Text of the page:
Nothing is kept under the carpet or buried. No one needs to be ashamed. The issue becomes a talking point, not only in the school but also in the public sphere.

Sure, this may ruffle some feathers and the dialogue may even become heated and some may feel uncomfortable but society progresses not by holding back and hiding behind some excuse of “conservatism” but by opening up and addressing the issues facing society.

This has especially been so in Singapore’s case – or at least that’s what the government boasts about. Why then, do we shy away from meeting this issue of homosexuality head on?

I find it rather ironic that it is the education ministry and a school which are missing the opportunity to educate its students about the issue.

Here we have a real-life gay person, who is also a teacher. Apparently, from his own blog post, this teacher feels he has to “come out” and be honest with his colleagues, friends and students. I don’t know, but doesn’t anyone see this as a golden opportunity for a real-life, truly meaningful discourse, dialogue and exchange?

How many gay people – or heterosexual people, for that matter – would be as honest and forthcoming as Fong?

Such dialogues may (or may not) change mindsets or advance the cause of gay people. But to see these as the desired results would be missing the woods for the trees.

The point is to enable and encourage openness, so that when another issue comes up, we know that we can handle it in a mature and civilized manner, that we are able to put aside our biases, prejudices and fears and have a deeper understanding of what concern our fellow Singaporeans – especially when they are from the minority segment of society.

Unfortunately, the moment someone tries to be honest, he is pressured to go back into the closet, as it were.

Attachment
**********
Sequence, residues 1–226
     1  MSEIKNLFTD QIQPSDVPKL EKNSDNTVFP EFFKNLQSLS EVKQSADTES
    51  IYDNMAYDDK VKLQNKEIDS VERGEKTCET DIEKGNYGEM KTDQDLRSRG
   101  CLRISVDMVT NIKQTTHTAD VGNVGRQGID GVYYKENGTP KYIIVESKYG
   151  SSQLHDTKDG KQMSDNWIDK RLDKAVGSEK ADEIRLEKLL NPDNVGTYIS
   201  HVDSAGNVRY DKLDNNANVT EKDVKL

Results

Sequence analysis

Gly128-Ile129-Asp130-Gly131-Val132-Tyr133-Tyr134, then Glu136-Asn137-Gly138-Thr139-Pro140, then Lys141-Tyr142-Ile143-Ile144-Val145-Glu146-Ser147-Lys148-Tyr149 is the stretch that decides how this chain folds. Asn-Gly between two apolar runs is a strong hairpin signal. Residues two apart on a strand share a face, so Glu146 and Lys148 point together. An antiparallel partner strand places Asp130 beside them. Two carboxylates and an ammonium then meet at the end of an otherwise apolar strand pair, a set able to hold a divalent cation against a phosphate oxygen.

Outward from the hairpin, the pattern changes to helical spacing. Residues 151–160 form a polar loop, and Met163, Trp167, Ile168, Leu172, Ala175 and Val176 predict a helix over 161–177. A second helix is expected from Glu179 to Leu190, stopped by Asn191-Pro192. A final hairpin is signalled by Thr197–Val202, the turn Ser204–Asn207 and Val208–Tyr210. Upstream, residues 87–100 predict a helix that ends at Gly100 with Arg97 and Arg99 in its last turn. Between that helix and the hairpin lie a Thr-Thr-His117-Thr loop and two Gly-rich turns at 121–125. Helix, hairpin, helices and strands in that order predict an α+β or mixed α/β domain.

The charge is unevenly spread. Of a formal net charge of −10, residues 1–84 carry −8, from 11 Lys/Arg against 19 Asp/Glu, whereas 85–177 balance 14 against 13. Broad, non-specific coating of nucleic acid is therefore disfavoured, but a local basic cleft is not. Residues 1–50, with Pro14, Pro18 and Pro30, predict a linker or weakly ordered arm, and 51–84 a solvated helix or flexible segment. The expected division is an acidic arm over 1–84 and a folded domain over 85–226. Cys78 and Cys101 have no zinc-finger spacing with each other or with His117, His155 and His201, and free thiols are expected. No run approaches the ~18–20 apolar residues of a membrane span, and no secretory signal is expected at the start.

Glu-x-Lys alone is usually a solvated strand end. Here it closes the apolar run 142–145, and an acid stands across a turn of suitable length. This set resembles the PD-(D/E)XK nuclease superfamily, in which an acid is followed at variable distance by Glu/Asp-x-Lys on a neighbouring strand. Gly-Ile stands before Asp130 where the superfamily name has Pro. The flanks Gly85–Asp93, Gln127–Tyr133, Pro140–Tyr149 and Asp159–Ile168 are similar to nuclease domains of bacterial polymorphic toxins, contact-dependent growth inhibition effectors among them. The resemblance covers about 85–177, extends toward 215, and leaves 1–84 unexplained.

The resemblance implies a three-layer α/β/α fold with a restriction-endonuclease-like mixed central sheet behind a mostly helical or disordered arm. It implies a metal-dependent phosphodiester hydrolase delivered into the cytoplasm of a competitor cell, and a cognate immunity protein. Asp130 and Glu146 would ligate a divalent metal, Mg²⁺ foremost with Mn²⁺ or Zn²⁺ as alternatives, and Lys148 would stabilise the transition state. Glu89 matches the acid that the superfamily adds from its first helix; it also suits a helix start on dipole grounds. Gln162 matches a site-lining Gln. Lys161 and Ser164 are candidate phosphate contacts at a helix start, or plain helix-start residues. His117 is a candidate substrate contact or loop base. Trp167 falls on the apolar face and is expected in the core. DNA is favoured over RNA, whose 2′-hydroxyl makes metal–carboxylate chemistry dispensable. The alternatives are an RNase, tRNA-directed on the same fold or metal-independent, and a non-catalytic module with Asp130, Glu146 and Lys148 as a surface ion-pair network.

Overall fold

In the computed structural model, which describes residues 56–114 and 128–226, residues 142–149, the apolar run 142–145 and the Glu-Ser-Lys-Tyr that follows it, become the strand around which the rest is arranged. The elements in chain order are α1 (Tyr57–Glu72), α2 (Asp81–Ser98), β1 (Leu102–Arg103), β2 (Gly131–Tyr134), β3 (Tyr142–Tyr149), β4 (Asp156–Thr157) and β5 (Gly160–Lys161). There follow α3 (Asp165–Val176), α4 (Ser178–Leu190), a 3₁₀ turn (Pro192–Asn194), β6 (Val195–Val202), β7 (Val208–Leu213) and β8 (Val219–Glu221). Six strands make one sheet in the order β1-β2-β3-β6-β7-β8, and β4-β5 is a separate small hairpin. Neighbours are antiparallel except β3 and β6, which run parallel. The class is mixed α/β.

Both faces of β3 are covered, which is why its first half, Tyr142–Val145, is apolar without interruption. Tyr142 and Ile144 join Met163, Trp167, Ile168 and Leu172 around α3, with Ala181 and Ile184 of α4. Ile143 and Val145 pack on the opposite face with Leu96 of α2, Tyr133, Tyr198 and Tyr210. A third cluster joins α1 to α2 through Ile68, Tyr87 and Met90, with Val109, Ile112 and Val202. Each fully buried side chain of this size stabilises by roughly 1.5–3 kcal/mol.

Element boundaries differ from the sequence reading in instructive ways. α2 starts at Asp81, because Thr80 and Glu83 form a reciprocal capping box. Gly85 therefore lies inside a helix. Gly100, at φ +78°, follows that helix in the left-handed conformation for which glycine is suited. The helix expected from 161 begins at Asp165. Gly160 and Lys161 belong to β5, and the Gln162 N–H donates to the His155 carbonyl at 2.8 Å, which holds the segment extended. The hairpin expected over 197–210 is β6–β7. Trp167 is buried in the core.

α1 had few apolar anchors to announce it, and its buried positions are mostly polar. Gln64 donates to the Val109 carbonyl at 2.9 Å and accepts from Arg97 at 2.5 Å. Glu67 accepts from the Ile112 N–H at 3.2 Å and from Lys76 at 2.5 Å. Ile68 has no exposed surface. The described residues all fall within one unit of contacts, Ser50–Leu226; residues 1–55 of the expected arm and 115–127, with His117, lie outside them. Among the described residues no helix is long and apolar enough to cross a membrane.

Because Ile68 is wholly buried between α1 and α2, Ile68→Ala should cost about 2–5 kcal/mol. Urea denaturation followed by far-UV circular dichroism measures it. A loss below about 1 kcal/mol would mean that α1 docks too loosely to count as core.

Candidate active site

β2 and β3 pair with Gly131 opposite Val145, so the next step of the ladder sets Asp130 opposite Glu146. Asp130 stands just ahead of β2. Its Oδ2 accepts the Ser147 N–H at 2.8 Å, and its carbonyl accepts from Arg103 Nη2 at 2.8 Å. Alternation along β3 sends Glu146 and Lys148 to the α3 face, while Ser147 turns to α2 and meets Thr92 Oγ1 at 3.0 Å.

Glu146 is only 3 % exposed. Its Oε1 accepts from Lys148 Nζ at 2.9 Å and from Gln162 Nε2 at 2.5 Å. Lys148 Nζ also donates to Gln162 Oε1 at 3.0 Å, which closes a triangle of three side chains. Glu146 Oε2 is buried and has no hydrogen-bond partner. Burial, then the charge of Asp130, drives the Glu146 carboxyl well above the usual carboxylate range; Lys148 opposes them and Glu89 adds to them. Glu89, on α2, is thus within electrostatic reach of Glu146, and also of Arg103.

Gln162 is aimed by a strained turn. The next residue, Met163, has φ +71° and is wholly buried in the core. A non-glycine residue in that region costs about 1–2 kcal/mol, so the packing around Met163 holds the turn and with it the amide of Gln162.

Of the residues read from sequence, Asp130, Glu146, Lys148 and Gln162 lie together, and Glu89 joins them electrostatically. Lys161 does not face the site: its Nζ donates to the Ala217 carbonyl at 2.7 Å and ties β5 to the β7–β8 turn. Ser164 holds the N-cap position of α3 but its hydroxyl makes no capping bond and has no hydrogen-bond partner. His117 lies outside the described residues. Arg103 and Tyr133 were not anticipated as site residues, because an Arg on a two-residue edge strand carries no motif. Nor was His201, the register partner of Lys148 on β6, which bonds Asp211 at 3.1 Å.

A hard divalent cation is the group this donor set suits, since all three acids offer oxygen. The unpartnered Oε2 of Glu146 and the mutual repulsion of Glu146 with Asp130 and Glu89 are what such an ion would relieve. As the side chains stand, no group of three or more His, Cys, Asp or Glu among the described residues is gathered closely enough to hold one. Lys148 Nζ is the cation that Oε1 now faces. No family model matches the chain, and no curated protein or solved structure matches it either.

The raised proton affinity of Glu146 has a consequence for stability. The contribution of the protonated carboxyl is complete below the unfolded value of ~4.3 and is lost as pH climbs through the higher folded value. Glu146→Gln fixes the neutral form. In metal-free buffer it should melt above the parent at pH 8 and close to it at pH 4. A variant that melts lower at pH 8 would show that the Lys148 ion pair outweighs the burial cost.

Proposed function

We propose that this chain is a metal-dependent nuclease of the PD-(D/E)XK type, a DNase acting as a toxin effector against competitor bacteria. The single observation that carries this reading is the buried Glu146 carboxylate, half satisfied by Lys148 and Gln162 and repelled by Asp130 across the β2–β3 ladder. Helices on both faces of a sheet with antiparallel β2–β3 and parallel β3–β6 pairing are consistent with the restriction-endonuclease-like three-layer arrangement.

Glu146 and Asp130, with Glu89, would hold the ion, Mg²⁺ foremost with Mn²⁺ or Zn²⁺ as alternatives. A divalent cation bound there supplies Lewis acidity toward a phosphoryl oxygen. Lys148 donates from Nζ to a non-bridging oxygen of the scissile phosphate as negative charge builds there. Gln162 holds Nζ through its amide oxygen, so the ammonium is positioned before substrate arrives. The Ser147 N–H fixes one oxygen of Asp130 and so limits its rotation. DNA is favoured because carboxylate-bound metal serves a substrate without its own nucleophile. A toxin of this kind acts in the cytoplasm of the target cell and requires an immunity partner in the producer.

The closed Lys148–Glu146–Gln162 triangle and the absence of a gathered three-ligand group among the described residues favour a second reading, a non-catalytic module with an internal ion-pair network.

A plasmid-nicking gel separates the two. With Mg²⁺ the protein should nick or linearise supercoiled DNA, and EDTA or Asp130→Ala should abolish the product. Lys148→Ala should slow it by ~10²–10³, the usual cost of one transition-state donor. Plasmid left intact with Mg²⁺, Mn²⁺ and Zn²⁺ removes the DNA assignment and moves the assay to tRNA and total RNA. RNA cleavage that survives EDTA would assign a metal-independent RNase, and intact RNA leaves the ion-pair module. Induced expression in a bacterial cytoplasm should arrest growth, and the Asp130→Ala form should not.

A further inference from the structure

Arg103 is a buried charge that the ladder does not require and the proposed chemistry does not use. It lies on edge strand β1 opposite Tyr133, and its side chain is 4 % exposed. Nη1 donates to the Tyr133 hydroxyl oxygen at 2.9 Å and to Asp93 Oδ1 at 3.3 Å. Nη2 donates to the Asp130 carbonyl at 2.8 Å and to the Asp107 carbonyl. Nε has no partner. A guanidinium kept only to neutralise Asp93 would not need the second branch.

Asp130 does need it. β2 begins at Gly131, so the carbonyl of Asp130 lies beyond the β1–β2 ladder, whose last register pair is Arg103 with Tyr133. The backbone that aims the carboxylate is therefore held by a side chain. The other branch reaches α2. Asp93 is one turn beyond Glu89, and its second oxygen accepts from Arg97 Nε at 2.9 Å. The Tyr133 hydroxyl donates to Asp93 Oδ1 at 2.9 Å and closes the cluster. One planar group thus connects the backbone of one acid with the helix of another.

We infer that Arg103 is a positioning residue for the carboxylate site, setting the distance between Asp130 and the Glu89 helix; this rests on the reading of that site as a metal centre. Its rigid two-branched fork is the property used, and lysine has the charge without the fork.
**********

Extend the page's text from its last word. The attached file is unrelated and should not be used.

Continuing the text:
So, the question to reflect on is:

Who are the ones hiding in the closet?

I mean, really.

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3 Responses

  1. refreshing thoughts. What teachers call ‘teachable moments’. But it will take a really confident and strong person to be able to chair it. And that is why our Straights Times is 149 or something in ranking? They can only rake up gossips, pro govt mouthpieces etc etc

  2. First of all, there isn’t surprise why gov do this. In fact, they have been doing this all this while. Name one incident which the gov openly acknowledge the problem and rectify it and give a answer. In fact, in all cases that call into question of gov’s standing on sensitive matter, the answer is always no reply.
    No Reply = ‘Let’s move on and forget about this matter, and please don’t make my millions dollar rice bowl !’

    As long as this gov stay in power, the answer is always the same. Has been so for decades, and the leopard never change its spot or panda never change their black eyes.

  3. You are a tad too optimistic here. There is no way a forum that cast homosexuality in any light other than negative will be allowed in schools.

    But don’t blame the schools or even MOE. They are merely a mirror reflection of Singapore society. Look at the argument Ho Peng Kee gave in denying the gay forum the permit.